Ohio Governor Mike DeWine has announced the appointment of Republican attorney Robert J Patton to the 11th District Court of Appeals serving Ashtabula, Geauga, Lake, Portage, and Trumbull counties.
Judge-designee Patton of Willowick, Ohio will be taking the seat formerly held by Democratic Judge Cynthia Westcott Rice, who voters elected to the Trumbull County Court of Common Pleas. In order to retain the seat for the remainder of the term expiring in February 2027, Patton must win the general election in November 2024. Patton will assume office on June 5th.
Ohio Governor Mike DeWine announced the appointment of Republican magistrate Nathan Shaker to the Wayne County Municipal Court.
Shaker, of Wooster, Ohio, will be taking the seat formerly held by Republican Judge Timothy VanSickle. To retain the seat, he must win the general election in November 2024. VanSickle is leaving the position as he was elected to the Wayne County Court of Common Pleas. Shaker will assume office on May 1st.
After Ohio Governor Mike DeWine chose her on Thursday to fill another open seat on the same court, long-serving Republican Cuyahoga County Common Pleas Judge Joan Synenberg will stay on the bench for at least another two years.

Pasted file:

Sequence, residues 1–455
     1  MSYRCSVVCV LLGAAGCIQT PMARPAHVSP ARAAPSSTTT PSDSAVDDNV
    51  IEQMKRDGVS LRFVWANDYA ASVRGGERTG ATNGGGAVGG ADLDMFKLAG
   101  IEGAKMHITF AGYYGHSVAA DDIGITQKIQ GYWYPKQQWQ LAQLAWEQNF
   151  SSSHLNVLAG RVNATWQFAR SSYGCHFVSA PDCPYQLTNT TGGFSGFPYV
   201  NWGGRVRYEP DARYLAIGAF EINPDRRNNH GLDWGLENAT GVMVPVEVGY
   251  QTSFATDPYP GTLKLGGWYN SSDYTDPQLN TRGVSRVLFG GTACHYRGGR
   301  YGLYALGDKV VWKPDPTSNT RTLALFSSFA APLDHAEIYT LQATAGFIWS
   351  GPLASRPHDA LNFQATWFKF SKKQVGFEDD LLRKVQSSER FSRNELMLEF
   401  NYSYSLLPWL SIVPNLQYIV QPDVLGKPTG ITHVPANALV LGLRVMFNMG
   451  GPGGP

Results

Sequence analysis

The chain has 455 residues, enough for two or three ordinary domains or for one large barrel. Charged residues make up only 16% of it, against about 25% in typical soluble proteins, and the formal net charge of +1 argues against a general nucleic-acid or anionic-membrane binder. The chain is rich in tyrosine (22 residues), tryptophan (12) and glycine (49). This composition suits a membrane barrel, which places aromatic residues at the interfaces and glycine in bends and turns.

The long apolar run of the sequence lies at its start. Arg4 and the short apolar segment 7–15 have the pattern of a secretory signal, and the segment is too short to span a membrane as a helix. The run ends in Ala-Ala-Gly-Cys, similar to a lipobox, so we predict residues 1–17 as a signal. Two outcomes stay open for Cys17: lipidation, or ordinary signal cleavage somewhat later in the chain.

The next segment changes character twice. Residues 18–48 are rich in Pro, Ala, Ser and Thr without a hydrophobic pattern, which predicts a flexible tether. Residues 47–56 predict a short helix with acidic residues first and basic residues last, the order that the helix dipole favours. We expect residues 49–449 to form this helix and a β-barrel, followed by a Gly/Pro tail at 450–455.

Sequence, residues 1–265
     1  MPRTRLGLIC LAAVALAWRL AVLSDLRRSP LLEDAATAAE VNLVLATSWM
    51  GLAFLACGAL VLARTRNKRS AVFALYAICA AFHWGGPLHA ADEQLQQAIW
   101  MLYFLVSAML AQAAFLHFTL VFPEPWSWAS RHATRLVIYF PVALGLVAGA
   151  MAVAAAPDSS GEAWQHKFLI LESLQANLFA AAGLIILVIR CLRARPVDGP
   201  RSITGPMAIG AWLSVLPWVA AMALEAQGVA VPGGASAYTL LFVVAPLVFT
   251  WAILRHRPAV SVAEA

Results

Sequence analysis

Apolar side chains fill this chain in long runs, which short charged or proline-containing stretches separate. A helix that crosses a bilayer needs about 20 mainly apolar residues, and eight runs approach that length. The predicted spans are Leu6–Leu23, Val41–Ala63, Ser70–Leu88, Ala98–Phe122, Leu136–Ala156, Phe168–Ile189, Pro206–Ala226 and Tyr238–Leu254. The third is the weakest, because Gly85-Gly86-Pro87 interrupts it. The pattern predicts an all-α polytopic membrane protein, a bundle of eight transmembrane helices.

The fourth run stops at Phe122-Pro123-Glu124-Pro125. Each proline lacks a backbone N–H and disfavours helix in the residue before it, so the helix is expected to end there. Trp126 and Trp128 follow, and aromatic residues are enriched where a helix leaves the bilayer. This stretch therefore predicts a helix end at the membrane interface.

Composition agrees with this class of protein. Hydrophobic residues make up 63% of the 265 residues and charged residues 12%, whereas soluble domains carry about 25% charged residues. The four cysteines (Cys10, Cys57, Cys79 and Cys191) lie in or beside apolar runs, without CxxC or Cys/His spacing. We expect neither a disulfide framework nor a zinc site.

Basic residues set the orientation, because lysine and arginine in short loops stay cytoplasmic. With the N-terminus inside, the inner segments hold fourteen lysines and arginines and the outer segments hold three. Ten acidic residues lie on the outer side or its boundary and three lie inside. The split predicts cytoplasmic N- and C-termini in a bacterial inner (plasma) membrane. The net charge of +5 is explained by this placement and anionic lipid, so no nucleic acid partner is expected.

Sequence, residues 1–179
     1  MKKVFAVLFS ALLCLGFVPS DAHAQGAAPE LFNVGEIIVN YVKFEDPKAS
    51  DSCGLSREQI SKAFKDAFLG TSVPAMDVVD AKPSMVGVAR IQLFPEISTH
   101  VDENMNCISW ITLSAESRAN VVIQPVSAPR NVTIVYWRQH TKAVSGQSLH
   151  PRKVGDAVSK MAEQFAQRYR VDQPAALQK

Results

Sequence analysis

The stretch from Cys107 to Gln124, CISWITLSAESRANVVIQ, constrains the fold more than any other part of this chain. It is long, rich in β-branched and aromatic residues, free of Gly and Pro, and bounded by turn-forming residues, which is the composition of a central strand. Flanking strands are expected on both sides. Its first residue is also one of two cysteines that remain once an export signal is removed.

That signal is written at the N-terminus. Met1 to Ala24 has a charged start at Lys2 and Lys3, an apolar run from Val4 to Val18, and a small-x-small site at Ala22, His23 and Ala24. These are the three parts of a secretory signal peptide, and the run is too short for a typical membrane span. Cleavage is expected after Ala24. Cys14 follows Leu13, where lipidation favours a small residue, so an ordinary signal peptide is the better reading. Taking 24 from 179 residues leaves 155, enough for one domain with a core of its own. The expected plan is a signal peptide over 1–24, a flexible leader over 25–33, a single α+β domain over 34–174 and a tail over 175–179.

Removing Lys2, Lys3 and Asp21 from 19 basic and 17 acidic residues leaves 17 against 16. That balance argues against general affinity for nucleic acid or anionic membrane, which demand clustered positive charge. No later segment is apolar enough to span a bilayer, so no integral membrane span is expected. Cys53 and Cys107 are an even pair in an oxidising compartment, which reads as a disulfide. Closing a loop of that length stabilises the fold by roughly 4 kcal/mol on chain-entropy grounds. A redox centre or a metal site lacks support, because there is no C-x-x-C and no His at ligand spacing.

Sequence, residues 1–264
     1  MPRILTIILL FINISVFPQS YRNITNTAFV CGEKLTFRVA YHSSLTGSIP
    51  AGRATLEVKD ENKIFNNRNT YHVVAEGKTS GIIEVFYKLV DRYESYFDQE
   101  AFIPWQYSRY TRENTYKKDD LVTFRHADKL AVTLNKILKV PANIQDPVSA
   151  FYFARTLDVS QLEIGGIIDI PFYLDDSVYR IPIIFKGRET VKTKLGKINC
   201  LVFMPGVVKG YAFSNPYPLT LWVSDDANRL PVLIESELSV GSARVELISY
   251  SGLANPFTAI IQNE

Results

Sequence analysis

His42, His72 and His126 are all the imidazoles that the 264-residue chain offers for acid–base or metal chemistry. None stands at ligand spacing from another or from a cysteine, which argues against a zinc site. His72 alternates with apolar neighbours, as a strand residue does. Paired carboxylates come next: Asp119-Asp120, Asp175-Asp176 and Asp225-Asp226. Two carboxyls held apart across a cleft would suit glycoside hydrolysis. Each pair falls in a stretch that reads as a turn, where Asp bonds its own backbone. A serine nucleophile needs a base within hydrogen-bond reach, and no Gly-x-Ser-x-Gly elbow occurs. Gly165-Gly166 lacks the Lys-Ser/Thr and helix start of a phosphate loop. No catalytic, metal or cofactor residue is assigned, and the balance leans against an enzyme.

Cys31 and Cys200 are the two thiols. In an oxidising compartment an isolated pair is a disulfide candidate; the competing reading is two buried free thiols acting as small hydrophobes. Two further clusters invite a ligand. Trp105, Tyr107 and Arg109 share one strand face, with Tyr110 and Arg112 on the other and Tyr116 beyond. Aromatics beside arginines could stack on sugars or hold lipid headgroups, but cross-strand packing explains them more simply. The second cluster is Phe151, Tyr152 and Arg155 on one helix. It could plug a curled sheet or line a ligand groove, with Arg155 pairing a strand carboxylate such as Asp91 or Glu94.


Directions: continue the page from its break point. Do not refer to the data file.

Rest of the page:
Synenberg will assume the term of Democratic Judge Deborah Turner and will start her new term on January 14th. In order to retain the seat she must win the general election in November 2024. Turner resigned from her position on the bench to run for another one, which allowed Turner to continue serving as a judge for an additional four years.
Cleveland State University eliminated from its law school the name of John Marshall, the fourth Chief Justice of the United States, appointed over 200 years ago to the bench.
University officials removed Marshall’s name due to his ownership of slaves and his comments in support of slavery. However, the dean of the law school told The College Fix on December 5 that this is not an example of “erasing history.”
With midterm elections this year, Ohio’s 2022 congressional redistricting plans are under scrutiny. The state lost one congressional district last year, bringing the total number down to 15.
The Ohio Supreme Court recently struck down new redistricted maps and gave the Ohio Redistricting Commission until Feb. 17 to draw new maps. As the deadline approached, the Commission decided they were at an “impasse” and negotiations came to a halt as of this writing.